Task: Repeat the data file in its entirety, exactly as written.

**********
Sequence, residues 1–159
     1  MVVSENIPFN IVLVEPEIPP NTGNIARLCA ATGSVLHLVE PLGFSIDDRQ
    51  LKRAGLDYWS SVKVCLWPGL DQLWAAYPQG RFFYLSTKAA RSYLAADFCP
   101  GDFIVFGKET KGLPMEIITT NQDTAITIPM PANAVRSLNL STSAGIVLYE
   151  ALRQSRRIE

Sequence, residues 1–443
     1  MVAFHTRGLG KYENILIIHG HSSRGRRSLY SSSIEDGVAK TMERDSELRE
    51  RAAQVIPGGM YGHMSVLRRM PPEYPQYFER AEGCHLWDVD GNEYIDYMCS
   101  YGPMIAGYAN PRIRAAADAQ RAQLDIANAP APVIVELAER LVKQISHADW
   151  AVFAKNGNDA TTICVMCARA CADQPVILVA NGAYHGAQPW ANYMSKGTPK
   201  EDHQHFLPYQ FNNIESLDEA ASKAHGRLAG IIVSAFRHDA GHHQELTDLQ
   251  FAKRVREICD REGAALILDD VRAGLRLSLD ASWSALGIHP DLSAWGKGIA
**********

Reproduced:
Sequence, residues 1–159
     1  MVVSENIPFN IVLVEPEIPP NTGNIARLCA ATGSVLHLVE PLGFSIDDRQ
    51  LKRAGLDYWS SVKVCLWPGL DQLWAAYPQG RFFYLSTKAA RSYLAADFCP
   101  GDFIVFGKET KGLPMEIITT NQDTAITIPM PANAVRSLNL STSAGIVLYE
   151  ALRQSRRIE

Sequence, residues 1–443
     1  MVAFHTRGLG KYENILIIHG HSSRGRRSLY SSSIEDGVAK TMERDSELRE
    51  RAAQVIPGGM YGHMSVLRRM PPEYPQYFER AEGCHLWDVD GNEYIDYMCS
   101  YGPMIAGYAN PRIRAAADAQ RAQLDIANAP APVIVELAER LVKQISHADW
   151  AVFAKNGNDA TTICVMCARA CADQPVILVA NGAYHGAQPW ANYMSKGTPK
   201  EDHQHFLPYQ FNNIESLDEA ASKAHGRLAG IIVSAFRHDA GHHQELTDLQ
   251  FAKRVREICD REGAALILDD VRAGLRLSLD ASWSALGIHP DLSAWGKGIA